1. MATERIALS SOURCING (1-2 weeks)
Sourcing materials will take a couple weeks if you're gathering reclaimed wood from a number of sources. Look for sheets of plywood and strips of wood between 1/2" and 2" thick. If you purchase wood for the cladding, sourcing materials can take just a day.
2. FRAMING (1 day)
Construct the frame in three sections. Two are the columns that will be the right and left sides of the portal. The third is the lintel, which rests atop the other two. Each section consists of a rectangular frame of 2x4s, and measures 2' by 2' by 8'.
In the columns, decide where your bookshelves will be placed. Where each shelf will go, notch grooves in the vertical 2x4s of the frame. The shelves will slide into these grooves.
3. CLADDING (1 day)
Cut the reclaimed wood strips into 2' lengths. Using the nail gun, nail the strips horizontally across the outside of the two columns and onto one side of the lintel, and the middle 4' of the other side of the lintel.
4. ELECTRONICS (2 hours)
The speakers and MP3 player will be set on one shelf, approximately at ear height. Where the speakers will be, drill enough holes in the cladding so the sound will be heard on the interior of the portal. Set up the speakers and MP3 player, then plug them in to the extension cord. Drill a large hole through the cladding at the base of the column and pull the extension cord plug through the hole.
5. FINAL PREPARATORY WORK (1 hour)
Due to its fragility in transportation, the plexiglass will be attached onsite. However, you should pre-drill holes around the edges of the plexiglass where it will be attached to the front and back of the columns and lintel.
Step 4: Installation
The pre-constructed columns and lintel will fit inside a standard pickup truck along with the plexiglass. You'll also need the books, speaker and MP3 player, a ladder, drill, screws, and washers onsite.
- If you'll be attaching your Bookmark to the ground or to a plywood base, screw the two columns in place.
- Then place the lintel on top of the columns and screw the lintel to the columns.
- Set up the speakers and MP3 player and plug them in to the extension cord. Start playing the audiobooks and adjust the volume on the speakers, taking into account what the neighborhood background noise will be at different times of the day. Because the electronics get locked inside, you will not easily be able to adjust them later.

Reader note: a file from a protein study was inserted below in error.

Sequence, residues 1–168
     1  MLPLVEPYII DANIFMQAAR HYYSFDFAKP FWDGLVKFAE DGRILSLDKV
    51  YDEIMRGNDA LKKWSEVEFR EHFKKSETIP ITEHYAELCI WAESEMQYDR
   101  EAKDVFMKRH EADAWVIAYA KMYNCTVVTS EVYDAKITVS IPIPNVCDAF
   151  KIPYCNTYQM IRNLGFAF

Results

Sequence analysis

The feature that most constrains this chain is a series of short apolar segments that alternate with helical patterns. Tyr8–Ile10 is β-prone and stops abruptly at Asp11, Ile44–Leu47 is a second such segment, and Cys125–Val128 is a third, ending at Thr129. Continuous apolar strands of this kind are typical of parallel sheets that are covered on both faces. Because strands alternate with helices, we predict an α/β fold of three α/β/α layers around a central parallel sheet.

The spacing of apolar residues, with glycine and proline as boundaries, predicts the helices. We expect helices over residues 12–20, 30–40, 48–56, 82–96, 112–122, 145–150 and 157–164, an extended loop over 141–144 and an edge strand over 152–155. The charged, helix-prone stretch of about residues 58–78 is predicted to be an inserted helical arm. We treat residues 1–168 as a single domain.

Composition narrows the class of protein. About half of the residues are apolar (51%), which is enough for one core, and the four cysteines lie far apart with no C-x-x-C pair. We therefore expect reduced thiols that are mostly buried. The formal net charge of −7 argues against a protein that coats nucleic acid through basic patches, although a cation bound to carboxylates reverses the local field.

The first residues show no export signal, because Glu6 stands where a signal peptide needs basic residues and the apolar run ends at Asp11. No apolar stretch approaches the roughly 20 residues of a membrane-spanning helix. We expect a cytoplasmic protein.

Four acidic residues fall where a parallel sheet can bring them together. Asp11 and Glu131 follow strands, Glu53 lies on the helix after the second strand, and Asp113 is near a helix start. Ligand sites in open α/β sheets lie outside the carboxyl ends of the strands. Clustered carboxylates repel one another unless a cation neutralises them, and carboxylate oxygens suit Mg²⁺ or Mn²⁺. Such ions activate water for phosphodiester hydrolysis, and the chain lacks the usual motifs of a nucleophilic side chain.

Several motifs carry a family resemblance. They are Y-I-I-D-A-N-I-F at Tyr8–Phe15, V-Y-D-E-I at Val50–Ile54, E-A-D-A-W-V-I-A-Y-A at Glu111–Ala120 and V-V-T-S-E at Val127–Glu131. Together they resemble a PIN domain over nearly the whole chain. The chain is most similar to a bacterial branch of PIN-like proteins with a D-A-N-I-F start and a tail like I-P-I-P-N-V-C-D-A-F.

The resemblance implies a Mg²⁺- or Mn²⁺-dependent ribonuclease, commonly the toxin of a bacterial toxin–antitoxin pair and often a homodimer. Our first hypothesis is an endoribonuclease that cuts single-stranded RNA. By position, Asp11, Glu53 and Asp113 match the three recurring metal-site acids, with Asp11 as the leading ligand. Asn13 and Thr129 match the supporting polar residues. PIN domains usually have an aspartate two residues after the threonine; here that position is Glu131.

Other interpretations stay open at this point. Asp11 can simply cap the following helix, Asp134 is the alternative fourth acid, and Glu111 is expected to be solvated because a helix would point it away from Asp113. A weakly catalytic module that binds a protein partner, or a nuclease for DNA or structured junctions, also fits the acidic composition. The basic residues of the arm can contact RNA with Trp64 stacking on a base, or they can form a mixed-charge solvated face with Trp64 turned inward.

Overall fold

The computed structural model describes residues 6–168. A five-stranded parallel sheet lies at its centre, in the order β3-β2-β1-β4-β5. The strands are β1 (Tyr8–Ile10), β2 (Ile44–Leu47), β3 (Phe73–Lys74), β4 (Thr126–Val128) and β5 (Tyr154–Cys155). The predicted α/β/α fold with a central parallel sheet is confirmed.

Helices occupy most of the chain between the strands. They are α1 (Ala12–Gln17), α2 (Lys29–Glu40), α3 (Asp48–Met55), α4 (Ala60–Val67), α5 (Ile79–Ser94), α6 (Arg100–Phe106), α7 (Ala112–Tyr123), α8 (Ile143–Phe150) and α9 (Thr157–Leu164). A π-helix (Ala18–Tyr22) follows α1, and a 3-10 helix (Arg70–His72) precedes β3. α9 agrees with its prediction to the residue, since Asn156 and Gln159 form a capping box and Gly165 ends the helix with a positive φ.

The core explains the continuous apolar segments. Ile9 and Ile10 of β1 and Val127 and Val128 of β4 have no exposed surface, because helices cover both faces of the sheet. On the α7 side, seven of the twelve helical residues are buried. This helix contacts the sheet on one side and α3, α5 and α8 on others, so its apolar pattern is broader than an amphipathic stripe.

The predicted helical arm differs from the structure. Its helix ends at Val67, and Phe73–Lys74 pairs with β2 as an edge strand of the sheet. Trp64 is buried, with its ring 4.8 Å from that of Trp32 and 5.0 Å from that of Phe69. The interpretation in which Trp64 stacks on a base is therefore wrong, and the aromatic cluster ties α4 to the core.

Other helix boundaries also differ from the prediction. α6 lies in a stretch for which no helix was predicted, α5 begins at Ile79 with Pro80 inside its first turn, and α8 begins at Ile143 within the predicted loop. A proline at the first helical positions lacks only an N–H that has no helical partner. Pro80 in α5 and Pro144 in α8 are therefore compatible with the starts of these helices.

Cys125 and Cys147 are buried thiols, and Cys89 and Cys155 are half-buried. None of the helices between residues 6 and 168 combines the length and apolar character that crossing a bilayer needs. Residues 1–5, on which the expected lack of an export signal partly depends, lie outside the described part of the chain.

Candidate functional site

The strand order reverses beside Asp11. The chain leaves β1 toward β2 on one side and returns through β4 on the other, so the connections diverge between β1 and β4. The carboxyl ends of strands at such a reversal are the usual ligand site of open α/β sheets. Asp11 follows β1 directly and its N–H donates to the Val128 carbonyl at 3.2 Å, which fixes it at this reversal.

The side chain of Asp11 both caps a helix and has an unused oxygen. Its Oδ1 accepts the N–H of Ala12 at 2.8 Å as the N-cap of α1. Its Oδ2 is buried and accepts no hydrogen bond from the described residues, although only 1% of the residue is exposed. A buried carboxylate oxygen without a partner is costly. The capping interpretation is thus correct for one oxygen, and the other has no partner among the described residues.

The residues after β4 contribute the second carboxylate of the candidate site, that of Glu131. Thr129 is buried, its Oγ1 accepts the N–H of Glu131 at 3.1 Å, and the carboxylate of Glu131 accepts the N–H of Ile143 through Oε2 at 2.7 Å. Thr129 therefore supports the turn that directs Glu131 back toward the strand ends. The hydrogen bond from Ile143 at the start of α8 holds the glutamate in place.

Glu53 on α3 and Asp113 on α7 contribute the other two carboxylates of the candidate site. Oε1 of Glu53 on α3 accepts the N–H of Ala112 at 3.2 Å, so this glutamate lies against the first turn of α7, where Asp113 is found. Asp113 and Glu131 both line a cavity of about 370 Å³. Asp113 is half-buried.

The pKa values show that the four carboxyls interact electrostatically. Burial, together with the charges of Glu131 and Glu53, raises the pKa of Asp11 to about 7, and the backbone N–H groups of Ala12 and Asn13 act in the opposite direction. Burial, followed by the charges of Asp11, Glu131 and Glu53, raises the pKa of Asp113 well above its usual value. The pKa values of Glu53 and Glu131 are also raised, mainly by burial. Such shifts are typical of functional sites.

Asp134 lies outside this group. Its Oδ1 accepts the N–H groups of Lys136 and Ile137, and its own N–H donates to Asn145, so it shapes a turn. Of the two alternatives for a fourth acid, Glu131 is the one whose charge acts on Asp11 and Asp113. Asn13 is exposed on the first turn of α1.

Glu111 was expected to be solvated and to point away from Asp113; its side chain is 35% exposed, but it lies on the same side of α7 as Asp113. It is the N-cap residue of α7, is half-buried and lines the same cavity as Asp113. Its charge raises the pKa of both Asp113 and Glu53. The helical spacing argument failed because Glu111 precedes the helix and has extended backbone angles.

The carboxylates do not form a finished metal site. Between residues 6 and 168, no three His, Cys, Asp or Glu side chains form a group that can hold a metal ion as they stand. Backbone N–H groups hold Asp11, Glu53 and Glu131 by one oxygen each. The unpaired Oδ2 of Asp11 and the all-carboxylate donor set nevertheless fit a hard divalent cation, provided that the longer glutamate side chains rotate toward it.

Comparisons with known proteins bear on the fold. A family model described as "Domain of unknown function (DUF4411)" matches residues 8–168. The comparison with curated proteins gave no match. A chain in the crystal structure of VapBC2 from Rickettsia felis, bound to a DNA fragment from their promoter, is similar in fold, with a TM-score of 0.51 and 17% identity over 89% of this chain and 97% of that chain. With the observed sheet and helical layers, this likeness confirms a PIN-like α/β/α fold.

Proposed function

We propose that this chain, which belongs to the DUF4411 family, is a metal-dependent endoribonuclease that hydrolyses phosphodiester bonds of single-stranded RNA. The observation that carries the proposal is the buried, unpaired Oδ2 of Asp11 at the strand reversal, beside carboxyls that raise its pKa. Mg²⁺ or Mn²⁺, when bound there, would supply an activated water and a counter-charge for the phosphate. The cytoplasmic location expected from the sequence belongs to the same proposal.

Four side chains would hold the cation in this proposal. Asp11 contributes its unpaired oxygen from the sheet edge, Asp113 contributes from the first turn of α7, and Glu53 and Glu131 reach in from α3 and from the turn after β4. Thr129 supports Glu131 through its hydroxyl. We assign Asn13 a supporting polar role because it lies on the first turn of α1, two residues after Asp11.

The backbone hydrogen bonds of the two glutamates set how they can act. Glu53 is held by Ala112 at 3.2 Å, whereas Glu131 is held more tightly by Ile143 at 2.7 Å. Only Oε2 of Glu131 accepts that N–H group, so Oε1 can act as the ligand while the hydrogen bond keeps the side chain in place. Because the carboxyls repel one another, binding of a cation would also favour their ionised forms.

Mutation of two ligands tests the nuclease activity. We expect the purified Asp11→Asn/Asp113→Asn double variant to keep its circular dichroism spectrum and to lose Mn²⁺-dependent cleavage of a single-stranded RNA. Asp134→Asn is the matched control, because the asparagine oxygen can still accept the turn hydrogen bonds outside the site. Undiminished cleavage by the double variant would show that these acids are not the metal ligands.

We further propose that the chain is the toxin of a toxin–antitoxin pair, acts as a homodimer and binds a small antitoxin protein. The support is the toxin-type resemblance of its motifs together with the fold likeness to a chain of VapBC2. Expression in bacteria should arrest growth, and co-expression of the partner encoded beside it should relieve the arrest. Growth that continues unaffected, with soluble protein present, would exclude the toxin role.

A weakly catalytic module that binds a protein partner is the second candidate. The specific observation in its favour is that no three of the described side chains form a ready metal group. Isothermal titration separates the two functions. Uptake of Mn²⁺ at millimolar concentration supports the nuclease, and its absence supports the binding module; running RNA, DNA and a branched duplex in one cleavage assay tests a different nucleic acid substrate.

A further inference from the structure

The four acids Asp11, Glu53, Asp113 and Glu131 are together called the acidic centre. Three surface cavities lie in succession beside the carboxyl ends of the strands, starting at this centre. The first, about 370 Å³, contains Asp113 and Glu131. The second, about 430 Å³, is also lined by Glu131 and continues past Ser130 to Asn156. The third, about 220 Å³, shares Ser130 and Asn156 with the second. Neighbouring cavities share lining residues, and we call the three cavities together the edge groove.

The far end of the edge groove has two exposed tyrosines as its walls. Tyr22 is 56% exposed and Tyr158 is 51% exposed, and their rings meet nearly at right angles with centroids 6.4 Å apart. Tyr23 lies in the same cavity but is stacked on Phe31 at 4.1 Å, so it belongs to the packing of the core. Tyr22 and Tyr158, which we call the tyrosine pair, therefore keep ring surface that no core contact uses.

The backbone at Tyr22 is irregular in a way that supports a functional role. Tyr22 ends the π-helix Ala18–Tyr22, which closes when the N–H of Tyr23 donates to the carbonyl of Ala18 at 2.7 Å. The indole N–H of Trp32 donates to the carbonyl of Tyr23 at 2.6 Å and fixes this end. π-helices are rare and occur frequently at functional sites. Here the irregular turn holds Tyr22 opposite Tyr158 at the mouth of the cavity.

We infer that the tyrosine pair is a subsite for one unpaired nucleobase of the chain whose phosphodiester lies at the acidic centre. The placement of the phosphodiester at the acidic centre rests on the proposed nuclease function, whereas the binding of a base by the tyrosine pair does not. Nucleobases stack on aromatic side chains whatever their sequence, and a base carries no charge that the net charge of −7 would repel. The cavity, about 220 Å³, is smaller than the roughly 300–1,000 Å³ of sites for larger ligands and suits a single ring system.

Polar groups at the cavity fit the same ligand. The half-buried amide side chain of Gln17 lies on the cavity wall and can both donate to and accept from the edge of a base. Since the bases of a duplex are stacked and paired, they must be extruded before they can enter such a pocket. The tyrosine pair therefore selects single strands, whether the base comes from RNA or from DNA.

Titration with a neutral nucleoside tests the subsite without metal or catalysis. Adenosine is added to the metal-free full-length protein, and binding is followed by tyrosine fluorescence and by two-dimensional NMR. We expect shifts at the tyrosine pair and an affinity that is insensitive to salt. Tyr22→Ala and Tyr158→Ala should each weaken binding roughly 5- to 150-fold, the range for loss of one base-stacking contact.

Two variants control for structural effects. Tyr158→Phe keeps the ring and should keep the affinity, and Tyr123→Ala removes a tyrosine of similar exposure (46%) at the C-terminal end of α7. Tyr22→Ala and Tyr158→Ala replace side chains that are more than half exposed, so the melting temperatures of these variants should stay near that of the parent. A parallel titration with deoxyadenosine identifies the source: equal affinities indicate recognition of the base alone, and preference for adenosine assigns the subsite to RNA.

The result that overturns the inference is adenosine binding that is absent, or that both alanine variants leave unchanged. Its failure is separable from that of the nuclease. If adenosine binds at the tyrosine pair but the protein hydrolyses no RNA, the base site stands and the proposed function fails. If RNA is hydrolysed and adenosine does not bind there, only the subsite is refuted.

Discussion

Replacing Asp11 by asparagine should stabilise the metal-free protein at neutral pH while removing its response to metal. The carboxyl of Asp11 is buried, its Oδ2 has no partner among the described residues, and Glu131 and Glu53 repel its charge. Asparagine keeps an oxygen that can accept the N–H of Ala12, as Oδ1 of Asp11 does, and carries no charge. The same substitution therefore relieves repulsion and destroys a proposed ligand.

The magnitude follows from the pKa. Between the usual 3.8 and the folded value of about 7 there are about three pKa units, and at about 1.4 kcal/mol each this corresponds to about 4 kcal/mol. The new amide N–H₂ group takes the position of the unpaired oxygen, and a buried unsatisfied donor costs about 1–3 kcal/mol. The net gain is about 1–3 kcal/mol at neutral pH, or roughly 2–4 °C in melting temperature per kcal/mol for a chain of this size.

- Fill the shelves with books.
- Finally, using washers and screws, attach the plexiglass to the front and back of the columns and lintel.
Step 5: Interaction
Once your Bookmark is installed, people can start to use it as a resource and point of interest immediately. Passersby can stop to hear a section of an audiobook, take a book from the open shelves, and check out any flyers or pamphlets you've included in the installation. Maps on your installation will direct people to the closest library branch, where they can find out more about the lesser-known resources the library has to offer.
In our case, Bookmark was a focal point of the plaza where it was located, and people were able to learn about classes, events, library-related organizations, and other resources. Our audiobooks had QR codes for checking out the full-length books online, and in addition to the maps that were a part of our installation, posters with interesting facts about the local library system gave people a few extra reasons to visit the library.
Now that you've built your version of Bookmark, celebrate! You've created something that people can use to learn about the library and foster community in their neighborhood.